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2011, Vol. 6 No. 1, Article 78

 

Idiopathic Pericardial Effusion in Dogs - A three year study

K. Satish Kumar, V. V. V. Amruth Kumar, P. Nagaraj, and D. S. Tirumala Rao

 

Department of Veterinary Clinical Medicine
College of Veterinary Science, Rajendranagar Hyderabad – 500 030,
Andhra Pradesh, India

 

*Corresponding Author; e-mail address: dr_petlover@yahoo.co.in

 


ABSTRACT

Out of 811 dogs referred to Veterinary Hospital Bhoiguda of Hyderabad, 28 dogs of various breed and sex were found positive for idiopathic pericardial effusion (IPE). Highest prevalence was noticed in male Labrador retriever of 7.5 yr. Exercise intolerance, dyspnoea at rest, weakness, ascites, cough, anorexia, pallor mucosa, cyanotic mucosa, syncope following exertion or exercise and peripheral edema were the clinical signs at the time of presentation. Low voltage QRS complexes with electrical alterans, enlarged globular heart were noticed. No significant changes except hypoechoic to anechoic (echo – free space) area between the epicardium and pericardium were noticed on echocardiography. Pericardiocentesis along with frusemide and ramipril was found efficacious in treating the IPE with out any recurrence for six months.

KEY WORDS

Pericardial effusion, dogs.

INTRODUCTION

Pericardial disease is relatively rare among the various acquired cardiac diseases of dogs. Most pericardial diseases are manifested as an accumulation of fluid within the pericardial sac, known as pericardial effusion. The frequent causes of pericardial effusion in dog are cardiac hemangiosarcoma, idiopathic pericardial effusion and chemodectoma, which results in sanguinous effusion leading to right sided heart failure (Shaw and Rush 2007). Although clinical signs may appear suddenly, most cardiac diseases are chronic in nature that leads to inadequate cardiac output to meet the perfusion and exercise tolerance. This paper puts on record about the details of signalment, clinical manifestations and results of various diagnostic investigations and therapeutic aspects of pericardial effusion in 28 dogs.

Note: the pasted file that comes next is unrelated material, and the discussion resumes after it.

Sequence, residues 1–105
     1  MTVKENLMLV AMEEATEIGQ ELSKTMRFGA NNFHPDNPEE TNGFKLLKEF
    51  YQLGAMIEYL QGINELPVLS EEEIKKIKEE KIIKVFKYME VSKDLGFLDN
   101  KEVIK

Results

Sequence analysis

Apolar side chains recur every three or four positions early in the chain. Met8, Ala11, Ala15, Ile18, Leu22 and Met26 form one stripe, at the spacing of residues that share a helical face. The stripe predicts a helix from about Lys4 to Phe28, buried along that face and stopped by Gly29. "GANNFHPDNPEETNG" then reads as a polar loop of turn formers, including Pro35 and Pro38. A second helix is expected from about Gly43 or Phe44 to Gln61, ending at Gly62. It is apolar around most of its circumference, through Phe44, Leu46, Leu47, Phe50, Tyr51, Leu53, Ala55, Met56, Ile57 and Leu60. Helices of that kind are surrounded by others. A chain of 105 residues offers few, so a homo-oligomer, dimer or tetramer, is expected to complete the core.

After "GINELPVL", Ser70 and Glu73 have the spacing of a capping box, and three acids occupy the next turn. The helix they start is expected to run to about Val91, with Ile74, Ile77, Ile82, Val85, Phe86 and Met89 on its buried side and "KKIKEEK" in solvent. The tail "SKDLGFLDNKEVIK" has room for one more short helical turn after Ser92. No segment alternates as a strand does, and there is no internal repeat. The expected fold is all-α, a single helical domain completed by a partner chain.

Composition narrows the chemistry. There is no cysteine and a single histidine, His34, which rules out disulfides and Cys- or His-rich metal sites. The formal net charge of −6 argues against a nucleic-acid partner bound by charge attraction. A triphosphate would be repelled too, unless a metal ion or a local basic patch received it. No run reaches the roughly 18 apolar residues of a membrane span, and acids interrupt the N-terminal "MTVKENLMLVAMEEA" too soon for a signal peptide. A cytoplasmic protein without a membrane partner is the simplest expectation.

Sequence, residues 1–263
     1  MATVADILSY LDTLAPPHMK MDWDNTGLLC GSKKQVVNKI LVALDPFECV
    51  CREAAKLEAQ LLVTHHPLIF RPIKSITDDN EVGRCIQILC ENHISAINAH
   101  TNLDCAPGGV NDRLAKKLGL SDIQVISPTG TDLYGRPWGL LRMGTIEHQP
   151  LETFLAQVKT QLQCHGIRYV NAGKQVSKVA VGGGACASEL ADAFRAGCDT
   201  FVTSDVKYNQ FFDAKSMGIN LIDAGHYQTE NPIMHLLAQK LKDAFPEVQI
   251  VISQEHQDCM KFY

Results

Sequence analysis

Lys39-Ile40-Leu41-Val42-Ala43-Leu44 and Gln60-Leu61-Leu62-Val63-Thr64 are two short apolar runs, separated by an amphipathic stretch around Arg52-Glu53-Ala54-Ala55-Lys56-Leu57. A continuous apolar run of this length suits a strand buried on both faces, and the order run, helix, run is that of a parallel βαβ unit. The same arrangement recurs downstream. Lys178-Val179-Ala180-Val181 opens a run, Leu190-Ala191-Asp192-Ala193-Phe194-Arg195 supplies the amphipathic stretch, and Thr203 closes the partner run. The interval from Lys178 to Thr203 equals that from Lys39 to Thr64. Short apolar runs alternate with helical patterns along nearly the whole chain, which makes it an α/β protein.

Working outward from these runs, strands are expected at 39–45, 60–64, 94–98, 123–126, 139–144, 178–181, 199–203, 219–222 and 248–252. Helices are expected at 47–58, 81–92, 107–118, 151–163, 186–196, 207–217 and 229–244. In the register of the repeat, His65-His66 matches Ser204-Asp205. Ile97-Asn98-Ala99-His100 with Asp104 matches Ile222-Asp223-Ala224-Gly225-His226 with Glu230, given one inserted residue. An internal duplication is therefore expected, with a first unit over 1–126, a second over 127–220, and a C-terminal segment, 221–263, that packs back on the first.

MATERIALS AND METHODS

Dogs of various breed and sex presented to Veterinary Hospital Bhoiguda, College of Veterinary Science, Hyderabad (2006 to 2009) with the history and signs related to heart failure were included in the study. They were subjected to physical, electrocardiographic (on right lateral recumbancy) and radiological examination (left lateral exposure) using BPL Cardiart 1608 and Siemens X-ray unit, respectively. Presence of canine heart worm was also tested by heartworm antigen test using Agen CHW® kit. Selected dogs were further analysed by echocardiography, using micro convex Array C5-2 R13 cardiac probe on Ixos vet ultrasound / Doppler machine supplied by Esoate Pie Medicals, Netherlands, to confirm pericardial effusion. Further, haematological (TLC, TEC, Hb, and PCV) and biochemical parameters (CKMB, LDH, ALT, TP, Alb, BUN, creatinine, Na, K and Cl) were also estimated in pericardial effusion dogs. All the dogs were treated with frusemide @ 2mg/kg, po for 15 days and ramipril @0.5 mg/kg, po for 30 days. The physical activity of the dogs was limited and they were kept on a restricted sodium diet. Pericardiocentesis was performed in 21 dogs which were refractory to medicinal therapy. The aspirated pericardial fluid was subjected for pH assessment to distinguish idiopathic pericardial effusion from neoplastic effusion.

RESULTS

Out of 811 dogs referred from various small animal clinics in and around Hyderabad to small animal cardiology ward of Teaching Veterinary Clinical Complex, Bhoiguda, College of Veterinary Science, Rajendranagar, Hyderabad, 28 dogs were diagnosed for pericardial effusion.